The boss of THQ Brian Farrell has said that the games industry must explore different retail models if it is to remain competitive in a market that consistently expects lower prices.
The idea of punters forking out anything up to £50 for console titles is one that is coming under increasing pressure. The rise of 59p iPhone games such as Angry Birds and the success of cut-price digital hits such as Dead Rising 2: Case Zero are, in the eyes of critics, eroding the viability of full price titles.
THQ has now said that the next release in its MX vs ATV series will be a reduced RRP release, and be smaller in scale to accommodate the reduction.
“In the past, we've seen that we bring the game out at $59.99 and it does reasonably well – around 1m, or 1.5m units,” Farrell told the Goldman Sachs Communacopia Conference in New York according to CVG.
“When we lower the price to a mass market price the thing really jumps. So what we're doing this time is we're coming out initially with a smaller game at a lower price point – the $29 to $39 range.
“We're then doing a download model for different modes, different tracks, different vehicles. It's what we call a hybrid – it's a bit of the microtransaction and DLC model. I'm a big believer in monetising under the curve, so we capture that $29 to $39 user no matter what, and a person that wants to spend $100 on the product can do so as well.”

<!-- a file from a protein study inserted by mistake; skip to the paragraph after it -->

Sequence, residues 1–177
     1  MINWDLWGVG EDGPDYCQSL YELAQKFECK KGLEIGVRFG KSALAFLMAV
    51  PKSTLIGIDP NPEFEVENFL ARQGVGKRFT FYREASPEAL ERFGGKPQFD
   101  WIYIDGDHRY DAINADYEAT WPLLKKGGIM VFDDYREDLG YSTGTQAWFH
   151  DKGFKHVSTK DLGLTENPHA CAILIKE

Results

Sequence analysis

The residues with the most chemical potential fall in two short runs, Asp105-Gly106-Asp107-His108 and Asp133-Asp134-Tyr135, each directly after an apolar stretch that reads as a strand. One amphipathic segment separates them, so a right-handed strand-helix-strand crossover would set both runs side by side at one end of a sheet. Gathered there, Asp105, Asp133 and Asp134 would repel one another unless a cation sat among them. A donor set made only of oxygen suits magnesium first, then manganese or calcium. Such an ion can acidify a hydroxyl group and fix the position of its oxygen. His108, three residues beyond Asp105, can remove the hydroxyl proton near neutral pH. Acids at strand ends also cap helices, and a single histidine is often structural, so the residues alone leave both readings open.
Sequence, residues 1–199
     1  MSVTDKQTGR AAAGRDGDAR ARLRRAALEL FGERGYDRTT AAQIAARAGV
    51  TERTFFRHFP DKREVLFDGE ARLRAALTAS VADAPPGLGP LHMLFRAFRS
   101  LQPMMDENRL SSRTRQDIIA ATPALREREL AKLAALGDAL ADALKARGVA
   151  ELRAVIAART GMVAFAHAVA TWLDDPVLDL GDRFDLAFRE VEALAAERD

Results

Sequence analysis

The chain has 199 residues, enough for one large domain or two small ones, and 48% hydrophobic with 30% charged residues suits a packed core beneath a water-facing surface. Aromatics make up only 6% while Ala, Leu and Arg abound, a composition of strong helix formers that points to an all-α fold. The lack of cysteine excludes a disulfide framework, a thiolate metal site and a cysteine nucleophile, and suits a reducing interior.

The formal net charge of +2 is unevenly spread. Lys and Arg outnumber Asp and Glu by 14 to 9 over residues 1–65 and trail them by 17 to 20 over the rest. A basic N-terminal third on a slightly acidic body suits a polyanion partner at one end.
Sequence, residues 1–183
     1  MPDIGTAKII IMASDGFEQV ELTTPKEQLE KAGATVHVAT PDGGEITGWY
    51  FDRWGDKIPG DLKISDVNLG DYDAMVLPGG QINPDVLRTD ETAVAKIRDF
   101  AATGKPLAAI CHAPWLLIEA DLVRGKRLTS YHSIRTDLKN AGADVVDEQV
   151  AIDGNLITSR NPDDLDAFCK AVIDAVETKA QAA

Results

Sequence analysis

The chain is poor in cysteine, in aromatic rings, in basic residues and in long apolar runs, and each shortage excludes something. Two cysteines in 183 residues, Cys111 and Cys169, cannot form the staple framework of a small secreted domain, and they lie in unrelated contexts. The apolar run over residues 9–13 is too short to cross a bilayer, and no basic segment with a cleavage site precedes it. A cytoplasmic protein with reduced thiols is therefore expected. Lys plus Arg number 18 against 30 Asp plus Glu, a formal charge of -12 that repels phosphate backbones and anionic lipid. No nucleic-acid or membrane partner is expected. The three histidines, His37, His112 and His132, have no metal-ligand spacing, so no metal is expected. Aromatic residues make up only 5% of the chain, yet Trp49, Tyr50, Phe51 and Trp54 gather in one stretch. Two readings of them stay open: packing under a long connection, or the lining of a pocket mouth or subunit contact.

Farrell went on to explain that the publisher hopes to explore more of these emerging models in the future and possibly, low and behold, the adoption of free-to-play games in the console market.
“I think that's the future of gaming,” he confessed. “Whether it's this model or a take on the free-to-play model. It's where our industry is going and this is a very, very interesting experiment with one of our key brands.”